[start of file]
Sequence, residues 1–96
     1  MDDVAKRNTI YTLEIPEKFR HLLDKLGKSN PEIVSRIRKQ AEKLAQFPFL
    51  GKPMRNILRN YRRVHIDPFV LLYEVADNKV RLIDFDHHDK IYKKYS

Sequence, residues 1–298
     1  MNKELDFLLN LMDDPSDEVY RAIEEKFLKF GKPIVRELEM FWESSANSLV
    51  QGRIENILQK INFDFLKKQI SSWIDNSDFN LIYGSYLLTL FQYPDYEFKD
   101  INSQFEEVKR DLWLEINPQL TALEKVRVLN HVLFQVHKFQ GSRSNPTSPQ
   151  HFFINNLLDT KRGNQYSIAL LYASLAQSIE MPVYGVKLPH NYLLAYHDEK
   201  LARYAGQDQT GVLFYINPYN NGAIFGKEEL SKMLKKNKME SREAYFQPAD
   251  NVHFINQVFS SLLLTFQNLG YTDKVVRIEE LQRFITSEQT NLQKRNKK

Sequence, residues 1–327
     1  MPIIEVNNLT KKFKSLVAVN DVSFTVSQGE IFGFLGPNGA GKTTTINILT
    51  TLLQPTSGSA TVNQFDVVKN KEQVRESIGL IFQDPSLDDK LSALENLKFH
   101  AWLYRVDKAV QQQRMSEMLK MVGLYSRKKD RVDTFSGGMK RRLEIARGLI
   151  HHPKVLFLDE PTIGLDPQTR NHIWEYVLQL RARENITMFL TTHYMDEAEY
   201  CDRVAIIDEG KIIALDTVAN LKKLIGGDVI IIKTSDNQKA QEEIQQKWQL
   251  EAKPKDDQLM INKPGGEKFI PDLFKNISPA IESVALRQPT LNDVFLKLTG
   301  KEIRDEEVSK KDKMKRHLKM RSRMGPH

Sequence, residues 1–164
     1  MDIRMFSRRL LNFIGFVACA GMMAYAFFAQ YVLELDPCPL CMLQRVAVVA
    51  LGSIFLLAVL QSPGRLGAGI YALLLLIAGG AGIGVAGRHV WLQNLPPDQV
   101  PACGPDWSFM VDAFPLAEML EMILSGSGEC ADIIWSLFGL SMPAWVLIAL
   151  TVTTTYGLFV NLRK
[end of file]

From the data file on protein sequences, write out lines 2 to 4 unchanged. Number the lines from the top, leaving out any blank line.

     1  MDDVAKRNTI YTLEIPEKFR HLLDKLGKSN PEIVSRIRKQ AEKLAQFPFL
    51  GKPMRNILRN YRRVHIDPFV LLYEVADNKV RLIDFDHHDK IYKKYS

Sequence, residues 1–298